You know, to see if I had come to my senses.

The phone pinged again and I picked it up with the intention of muting it. But I glanced at the screen and was shocked to see the message was not from my father.

It was from Chris.

Hey – just checking in. How are you doing?

A warmth spread through my chest and I scootched into a sitting position. I had not been expecting to hear from him. Like, ever again. But it wasn’t unwelcome.

Hi! I’m okay. What are you up to?

I watched as the little typing bubble appeared and disappeared several times. Well, that wasn’t good. That was a sign of someone self-editing a text multiple times because he didn’t know what to say. That sent my neurotic brain spiraling: Was my text too vague? Did he think I was boring? Was he contacting me to tell me some bad news? Had he talked to Jamie? The suspense was NOT good for me.

Finally, an actual text came through.

Want to get a drink? Or food? Or go for a walk or whatever?

What.

I didn’t know what to make of that. I could definitely use some of his positive energy, but the indecisiveness of the request gave me a bad feeling. Like he was going to give me some devastating news. But I found that I really wanted to see him.

YES. Please. Where and when?

His reply was immediate, no hesitant bubble this time.

How’s now at Rudy’s? My treat.

I looked down at my yoga pants and grungy sweatshirt. Uh…

You’re on! Give me 30 minutes?

Already dashing to the bathroom for a quick shower, I had to double back to see his response.

Perfect. See you soon!

On a Wednesday night, Rudy’s was pretty empty. It wasn’t ever too crowded or rowdy even at the busiest times, but I could count the other patrons on one hand. A jukebox was playing a romantic country tune just loud enough to hear without having to battle it for conversation.

Chris was already standing at the bar, a frosty mug in each hand. His face lit up when I walked in and, I had to admit, my heart palpitated a bit. He led me to a table in a corner, away from the bar, where we could have a little privacy.

“Thanks for coming, Lexi,” he said, kissing me on the cheek. “I just needed to get out for a bit.”

I blushed at the affectionate gesture. “I’m glad you suggested it. I’ve basically been languishing in my apartment for days. I was about to start breaking shit just for something to do!”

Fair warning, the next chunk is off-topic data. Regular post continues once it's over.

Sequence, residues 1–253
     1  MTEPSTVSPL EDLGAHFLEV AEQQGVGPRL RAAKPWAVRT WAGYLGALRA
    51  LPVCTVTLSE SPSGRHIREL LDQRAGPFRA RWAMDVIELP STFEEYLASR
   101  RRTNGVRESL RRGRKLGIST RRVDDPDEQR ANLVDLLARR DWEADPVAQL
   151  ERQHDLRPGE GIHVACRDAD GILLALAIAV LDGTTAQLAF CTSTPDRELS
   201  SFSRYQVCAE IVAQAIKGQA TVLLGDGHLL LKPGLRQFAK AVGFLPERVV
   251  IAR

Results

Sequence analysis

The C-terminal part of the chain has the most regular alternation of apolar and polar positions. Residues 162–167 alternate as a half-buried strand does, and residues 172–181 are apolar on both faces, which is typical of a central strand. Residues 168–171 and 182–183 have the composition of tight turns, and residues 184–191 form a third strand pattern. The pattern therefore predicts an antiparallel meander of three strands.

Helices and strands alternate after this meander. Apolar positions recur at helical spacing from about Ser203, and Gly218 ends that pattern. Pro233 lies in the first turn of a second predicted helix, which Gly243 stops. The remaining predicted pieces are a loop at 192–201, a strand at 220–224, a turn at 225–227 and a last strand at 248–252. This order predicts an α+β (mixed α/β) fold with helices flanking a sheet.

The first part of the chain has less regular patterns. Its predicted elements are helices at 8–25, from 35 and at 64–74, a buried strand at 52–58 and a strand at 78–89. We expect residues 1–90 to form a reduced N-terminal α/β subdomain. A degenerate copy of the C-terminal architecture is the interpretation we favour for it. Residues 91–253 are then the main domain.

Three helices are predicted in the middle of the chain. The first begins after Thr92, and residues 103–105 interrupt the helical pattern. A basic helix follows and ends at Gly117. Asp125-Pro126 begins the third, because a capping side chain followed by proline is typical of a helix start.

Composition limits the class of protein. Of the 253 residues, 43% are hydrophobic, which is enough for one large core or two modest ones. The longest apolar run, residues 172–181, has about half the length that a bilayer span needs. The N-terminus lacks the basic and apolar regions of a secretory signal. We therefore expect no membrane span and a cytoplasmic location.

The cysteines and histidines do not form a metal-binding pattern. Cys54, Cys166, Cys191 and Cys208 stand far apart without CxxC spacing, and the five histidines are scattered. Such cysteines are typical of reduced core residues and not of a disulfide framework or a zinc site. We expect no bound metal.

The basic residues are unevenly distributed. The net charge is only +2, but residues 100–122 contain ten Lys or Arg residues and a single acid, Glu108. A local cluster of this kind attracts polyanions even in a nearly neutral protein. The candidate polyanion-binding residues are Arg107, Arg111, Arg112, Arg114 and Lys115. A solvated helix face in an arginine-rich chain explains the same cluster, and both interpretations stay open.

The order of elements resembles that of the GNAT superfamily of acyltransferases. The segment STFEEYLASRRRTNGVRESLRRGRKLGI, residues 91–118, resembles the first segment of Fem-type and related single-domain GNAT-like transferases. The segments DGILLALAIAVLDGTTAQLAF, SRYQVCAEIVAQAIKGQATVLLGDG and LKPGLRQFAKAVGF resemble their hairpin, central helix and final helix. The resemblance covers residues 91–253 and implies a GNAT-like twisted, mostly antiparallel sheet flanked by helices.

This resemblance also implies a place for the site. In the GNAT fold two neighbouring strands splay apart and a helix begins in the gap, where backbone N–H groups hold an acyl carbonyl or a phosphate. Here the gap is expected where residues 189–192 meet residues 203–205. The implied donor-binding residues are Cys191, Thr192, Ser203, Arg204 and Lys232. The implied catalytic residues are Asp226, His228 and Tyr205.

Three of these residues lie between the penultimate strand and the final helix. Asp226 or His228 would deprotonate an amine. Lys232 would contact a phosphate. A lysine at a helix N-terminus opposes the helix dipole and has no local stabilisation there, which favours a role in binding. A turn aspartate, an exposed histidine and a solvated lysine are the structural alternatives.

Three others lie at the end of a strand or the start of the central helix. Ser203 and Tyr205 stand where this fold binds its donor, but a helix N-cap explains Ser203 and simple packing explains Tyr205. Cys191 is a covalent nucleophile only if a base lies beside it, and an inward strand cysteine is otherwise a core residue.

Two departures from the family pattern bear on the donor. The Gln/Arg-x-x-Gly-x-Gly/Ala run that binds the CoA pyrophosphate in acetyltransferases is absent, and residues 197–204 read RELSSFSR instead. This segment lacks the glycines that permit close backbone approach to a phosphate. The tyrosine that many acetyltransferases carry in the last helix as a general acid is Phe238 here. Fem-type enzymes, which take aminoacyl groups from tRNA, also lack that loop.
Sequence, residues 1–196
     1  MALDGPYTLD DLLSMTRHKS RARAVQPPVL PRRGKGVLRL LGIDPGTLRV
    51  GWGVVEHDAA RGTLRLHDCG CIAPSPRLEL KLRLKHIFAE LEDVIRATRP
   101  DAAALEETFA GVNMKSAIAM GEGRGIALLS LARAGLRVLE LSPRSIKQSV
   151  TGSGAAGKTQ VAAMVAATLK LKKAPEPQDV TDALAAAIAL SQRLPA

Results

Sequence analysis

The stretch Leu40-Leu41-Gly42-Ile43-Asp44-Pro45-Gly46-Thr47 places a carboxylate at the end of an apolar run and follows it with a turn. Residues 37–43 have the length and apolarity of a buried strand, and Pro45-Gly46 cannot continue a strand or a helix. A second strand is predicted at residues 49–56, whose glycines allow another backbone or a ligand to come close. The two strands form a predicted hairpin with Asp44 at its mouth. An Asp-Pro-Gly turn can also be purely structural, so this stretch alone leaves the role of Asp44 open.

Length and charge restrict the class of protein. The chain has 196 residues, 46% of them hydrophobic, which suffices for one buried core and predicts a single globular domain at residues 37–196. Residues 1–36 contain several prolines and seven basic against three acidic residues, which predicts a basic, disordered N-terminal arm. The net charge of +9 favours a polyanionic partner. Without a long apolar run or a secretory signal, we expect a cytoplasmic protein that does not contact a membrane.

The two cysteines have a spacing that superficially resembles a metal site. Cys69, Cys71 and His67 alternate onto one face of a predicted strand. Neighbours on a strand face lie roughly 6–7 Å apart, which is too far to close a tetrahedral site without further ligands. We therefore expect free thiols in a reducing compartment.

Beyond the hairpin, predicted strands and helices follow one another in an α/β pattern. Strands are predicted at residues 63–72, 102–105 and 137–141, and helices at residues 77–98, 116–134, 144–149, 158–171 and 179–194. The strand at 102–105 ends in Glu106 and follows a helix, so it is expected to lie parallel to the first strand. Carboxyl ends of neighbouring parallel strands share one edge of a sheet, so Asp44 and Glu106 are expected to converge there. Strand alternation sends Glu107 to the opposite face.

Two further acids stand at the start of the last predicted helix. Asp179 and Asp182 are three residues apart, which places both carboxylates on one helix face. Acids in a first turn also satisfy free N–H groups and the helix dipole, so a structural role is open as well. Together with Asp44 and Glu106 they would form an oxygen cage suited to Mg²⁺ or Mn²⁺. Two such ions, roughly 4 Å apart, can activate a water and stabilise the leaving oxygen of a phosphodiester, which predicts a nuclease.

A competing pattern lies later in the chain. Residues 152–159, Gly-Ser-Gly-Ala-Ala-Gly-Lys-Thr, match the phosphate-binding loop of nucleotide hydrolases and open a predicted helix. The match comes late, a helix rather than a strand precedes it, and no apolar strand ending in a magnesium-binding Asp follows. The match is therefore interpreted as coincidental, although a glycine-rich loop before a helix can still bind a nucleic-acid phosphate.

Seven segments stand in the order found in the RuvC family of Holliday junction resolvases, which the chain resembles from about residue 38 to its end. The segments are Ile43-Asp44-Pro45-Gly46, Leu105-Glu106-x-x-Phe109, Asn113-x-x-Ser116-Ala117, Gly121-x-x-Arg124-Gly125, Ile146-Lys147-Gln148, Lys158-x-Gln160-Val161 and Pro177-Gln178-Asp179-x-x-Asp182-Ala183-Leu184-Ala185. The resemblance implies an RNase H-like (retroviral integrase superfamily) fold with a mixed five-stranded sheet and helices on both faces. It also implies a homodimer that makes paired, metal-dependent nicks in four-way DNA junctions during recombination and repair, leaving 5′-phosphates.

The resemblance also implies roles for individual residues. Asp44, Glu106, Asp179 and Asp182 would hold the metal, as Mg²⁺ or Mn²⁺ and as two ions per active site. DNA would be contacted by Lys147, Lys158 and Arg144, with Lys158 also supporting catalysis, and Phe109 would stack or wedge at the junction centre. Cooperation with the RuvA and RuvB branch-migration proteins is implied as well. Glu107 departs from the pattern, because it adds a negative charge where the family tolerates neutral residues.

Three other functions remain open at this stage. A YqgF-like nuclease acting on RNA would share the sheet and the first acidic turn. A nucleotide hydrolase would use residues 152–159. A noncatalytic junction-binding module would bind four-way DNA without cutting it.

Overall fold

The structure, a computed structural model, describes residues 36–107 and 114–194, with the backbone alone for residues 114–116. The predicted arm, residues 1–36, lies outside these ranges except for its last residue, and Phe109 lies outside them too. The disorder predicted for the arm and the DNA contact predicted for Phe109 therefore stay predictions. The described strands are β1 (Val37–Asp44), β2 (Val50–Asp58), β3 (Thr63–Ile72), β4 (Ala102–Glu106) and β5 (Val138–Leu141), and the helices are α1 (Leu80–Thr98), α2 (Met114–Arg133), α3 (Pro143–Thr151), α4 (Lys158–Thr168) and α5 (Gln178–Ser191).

He laughed and his dimples came out in full force. We sat quietly for a minute or two, just sipping our drinks and looking around. He commented on the jukebox song and I asked him about his son and then we fell silent again.

Finally, Chris leaned back and asked me, “What’s up with you and Jamie? Your wedding? Did you find what you were looking for?”

“Uh, I don’t know.” I shrugged. “There’s nothing new, I guess. Still in a holding pattern.”

“Have you and Jamie talked about it?”

I trailed my finger around the rim of the mug and avoided eye contact.

“I haven’t talked to him since…well, since the night you and I had dinner.”

Had it been that long? After Jamie and I met, I hadn’t gone more than twenty-four hours without talking to him at least once. He told me not to call, so I hadn’t called.

He hadn’t, either.

Chris nudged my foot under the table to get my attention, since my mind had wandered far away. “And…?’ he prompted.

“And nothing. He came over. When he left in the morning he told me not to call him until we could start planning the wedding again. So…we haven’t talked since.” Saying it out loud made it feel exponentially more pathetic.

He cocked his head and frowned. “That has to be hard on you.”

I didn’t know what to say. Yes, this was my doing. I started this, I postponed the wedding, I hurt Jamie and everyone else. Most likely, no one had any sympathy for me – and I couldn’t blame them. But that didn’t mean I didn’t feel like trash about it, or that I wasn’t devastated by my own indecision.